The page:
Reconstruction: America's Unfinished Revolution, 1863-1877
Harper Collins, 2011 M12 13 - 736 páginas
From the "preeminent historian of Reconstruction" (New York Times Book Review), a newly updated edition of the prize-winning classic work on the post-Civil War period which shaped modern America, with a new introduction from the author.
Eric Foner's "masterful treatment of one of the most complex periods of American history" (New Republic) redefined how the post-Civil War period was viewed.
Reconstruction chronicles the way in which Americans—black and white—responded to the unprecedented changes unleashed by the war and the end of slavery. It addresses the ways in which the emancipated slaves' quest for economic autonomy and equal citizenship shaped the political agenda of Reconstruction; the remodeling of Southern society and the place of planters, merchants, and small farmers within it; the evolution of racial attitudes and patterns of race relations; and the emergence of a national state possessing vastly expanded authority and committed, for a time, to the principle of equal rights for all Americans.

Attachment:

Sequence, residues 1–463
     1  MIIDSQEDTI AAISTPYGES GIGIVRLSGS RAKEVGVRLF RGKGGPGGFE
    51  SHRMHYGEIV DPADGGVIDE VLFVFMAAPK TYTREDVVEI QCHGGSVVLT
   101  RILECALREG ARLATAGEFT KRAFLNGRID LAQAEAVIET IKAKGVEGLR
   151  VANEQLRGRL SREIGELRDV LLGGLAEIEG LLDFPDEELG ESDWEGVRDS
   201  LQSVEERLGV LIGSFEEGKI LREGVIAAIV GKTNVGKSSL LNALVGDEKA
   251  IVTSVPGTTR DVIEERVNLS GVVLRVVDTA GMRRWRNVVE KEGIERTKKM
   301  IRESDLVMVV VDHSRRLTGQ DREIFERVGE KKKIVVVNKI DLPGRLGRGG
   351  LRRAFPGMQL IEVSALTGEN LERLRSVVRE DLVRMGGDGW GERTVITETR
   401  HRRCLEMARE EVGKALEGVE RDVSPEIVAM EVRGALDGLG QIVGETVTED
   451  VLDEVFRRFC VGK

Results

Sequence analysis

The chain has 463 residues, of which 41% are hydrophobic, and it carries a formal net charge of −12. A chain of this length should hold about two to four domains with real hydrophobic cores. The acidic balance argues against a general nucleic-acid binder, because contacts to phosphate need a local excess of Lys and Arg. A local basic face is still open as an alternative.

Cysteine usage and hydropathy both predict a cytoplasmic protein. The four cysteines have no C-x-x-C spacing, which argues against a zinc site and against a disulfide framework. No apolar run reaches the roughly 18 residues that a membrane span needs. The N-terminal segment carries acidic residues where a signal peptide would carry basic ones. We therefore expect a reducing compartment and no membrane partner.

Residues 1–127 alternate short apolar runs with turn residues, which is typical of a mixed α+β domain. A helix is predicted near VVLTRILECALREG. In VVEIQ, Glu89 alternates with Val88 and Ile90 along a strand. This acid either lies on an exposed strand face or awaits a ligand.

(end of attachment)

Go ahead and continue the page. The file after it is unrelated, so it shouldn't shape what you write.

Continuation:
This "smart book of enormous strengths" (Boston Globe) remains the standard work on the wrenching post-Civil War period—an era whose legacy still reverberates in the United States today.
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... The Negro in Reconstruction (Englewood Cliffs, N.J., 1969). Kenneth M.
Stampp, The Era ofReconstruction 1865-1877 (New York, 1965) was the most
influential summary of the revisionist outlook. 8. August Meier, "Negroes in the
First and ...
... demonstrate the possibility, and 10. Washington Weekly Chronicle, August 15,
1868. value, of transcending the present compartmentalization of historical study
into xxiv PREFACE.
David H. Strother Diary, August 9, 1869, West Virginia University; Frank
Tannenbaum, Slave and Citizen (New York, 1946), 117. Tannenbaum refers
here to Brazil, but his observation is even more applicable to the American South.
... 107-16, 150-51; W.J. Brantley to Benjamin G. Humphreys, August 22, 1866,
Mississippi Governor's Papers, MDAH; Richard A. McLemore, ed., A History
ofMississippi (Hattiesburg, 1973), 1:519-25; Durwang Long, "Unanimity and
In August and September 1864, it condemned the Banks laborsystem as a
reincarnation ofslav- ery that allowed blacks to be "chained to the soil" and
exploited by "avaricious adventurers from the North." "Every man," the Tribune in-
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The Challenge of Enforcement
The Reconstruction of the North
The Politics of Depression
Redemption and After
The River Has Its Bend